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QUITO, Ecuador — Latin America's first pope returned to Spanish-speaking South America for the first time as pontiff Sunday, beginning a nine-day tour.
Pope Francis received a raucous welcome in Ecuador on the first leg of his pilgrimage, in which he is expected to highlight the plight of the poor, denounce inequality and reinforce his call to safeguard the environment.
Children in traditional dress greeted Francis at Quito's Mariscal Sucre airport, the wind blowing off his skullcap and whipping his white cassock as he descended from the plane following a 13-hour flight from Rome. He personally greeted and kissed several indigenous youths waiting for him on the side of the red carpet.
He will not stop by his native Argentina, although up to a million of his countrymen are expected to cross into neighboring Paraguay to attend his open-air masses there.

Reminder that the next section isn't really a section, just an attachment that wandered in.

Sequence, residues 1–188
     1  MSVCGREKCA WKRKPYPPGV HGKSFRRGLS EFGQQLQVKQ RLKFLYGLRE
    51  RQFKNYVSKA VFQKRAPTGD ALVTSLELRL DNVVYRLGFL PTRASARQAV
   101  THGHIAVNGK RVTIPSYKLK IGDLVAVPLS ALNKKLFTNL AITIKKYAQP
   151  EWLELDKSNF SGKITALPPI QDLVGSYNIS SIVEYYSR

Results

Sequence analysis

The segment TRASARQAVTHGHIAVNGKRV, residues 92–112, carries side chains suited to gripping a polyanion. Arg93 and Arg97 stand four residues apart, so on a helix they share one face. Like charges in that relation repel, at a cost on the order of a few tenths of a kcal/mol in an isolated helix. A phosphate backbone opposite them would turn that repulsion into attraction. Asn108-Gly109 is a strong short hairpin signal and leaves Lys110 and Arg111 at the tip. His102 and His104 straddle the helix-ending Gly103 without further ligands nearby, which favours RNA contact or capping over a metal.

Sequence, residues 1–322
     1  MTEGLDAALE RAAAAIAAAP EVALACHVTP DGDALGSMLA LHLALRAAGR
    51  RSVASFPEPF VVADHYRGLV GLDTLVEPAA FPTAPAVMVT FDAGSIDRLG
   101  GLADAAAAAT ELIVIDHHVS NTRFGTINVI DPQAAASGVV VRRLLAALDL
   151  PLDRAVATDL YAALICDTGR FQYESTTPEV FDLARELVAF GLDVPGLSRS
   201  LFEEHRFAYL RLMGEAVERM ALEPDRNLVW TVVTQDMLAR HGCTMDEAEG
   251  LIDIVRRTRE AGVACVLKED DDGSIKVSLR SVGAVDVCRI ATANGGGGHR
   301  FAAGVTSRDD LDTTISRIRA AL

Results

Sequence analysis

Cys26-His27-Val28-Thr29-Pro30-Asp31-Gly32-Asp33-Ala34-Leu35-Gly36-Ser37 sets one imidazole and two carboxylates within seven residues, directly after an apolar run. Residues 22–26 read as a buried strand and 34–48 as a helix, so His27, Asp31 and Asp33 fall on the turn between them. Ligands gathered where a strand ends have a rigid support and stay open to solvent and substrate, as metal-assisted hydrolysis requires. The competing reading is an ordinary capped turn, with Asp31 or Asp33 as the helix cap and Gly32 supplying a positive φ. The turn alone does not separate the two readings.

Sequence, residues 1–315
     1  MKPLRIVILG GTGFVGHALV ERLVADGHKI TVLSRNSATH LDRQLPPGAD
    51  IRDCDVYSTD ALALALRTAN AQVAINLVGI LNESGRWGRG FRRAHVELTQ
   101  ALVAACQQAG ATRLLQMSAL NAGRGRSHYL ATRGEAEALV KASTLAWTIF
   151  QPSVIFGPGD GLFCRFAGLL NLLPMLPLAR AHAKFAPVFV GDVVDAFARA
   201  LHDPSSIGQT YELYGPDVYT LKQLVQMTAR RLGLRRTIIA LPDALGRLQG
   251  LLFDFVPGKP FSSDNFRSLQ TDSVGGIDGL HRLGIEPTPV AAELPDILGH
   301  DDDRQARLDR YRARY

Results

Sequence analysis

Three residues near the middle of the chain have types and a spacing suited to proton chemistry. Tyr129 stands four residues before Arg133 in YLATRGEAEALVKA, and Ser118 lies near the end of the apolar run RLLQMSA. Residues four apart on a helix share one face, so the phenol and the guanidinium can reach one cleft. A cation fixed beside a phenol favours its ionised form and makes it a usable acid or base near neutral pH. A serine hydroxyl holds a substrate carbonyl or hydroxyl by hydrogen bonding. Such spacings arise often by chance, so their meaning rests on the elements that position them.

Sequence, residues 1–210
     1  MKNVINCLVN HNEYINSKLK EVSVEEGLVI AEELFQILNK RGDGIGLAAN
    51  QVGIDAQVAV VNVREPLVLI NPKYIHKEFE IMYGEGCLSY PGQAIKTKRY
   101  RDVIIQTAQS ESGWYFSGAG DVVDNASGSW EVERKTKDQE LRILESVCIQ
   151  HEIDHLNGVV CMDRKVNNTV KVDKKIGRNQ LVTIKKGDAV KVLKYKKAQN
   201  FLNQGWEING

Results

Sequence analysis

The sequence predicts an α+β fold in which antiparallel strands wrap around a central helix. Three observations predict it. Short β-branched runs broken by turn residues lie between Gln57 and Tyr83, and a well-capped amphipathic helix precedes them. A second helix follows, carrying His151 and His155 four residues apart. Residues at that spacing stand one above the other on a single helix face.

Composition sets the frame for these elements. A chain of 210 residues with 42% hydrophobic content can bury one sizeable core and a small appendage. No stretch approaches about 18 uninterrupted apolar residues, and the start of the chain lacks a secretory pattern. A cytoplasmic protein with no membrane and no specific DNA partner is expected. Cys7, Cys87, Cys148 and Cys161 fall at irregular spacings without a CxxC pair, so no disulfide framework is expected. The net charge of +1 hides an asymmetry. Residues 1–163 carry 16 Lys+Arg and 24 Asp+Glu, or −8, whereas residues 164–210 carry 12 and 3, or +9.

And yet for Francis, this will be a homecoming in its own right. The pope, who has long claimed to want a "Poor Church for the Poor," will travel to some of the continent's most downtrodden areas, facing not only political but also physical challenges.
In Ecuador, the pope's call for more responsible economic growth and environmental protection will be put to the test. It is one of the most biodiverse nations on earth, and at the same time it relies heavily on mining and oil, which account for 96 percent of its exports.
But his priority will be the disadvantaged and marginalized.
During his nine-day trip, he will reach out to indigenous communities — many of which still associate Catholicism with colonialism — visit inmates in Bolivia's infamous Palmasola prison and tour Paraguay's Banado Norte shantytown.
And yet, the biggest challenge the 78-year-old pope may face is neither religious nor political. During the pilgrimage, he will fly to five cities in eight days, from sea level to 13,000 feet, with drastic changes in climate and temperature.